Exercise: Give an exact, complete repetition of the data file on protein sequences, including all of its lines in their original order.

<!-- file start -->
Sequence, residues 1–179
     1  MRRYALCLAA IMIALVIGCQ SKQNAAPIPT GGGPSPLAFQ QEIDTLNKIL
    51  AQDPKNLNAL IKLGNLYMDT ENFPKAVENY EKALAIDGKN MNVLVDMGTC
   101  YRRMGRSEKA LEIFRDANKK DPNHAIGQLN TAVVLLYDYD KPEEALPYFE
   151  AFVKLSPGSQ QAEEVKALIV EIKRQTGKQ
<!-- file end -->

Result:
Sequence, residues 1–179
     1  MRRYALCLAA IMIALVIGCQ SKQNAAPIPT GGGPSPLAFQ QEIDTLNKIL
    51  AQDPKNLNAL IKLGNLYMDT ENFPKAVENY EKALAIDGKN MNVLVDMGTC
   101  YRRMGRSEKA LEIFRDANKK DPNHAIGQLN TAVVLLYDYD KPEEALPYFE
   151  AFVKLSPGSQ QAEEVKALIV EIKRQTGKQ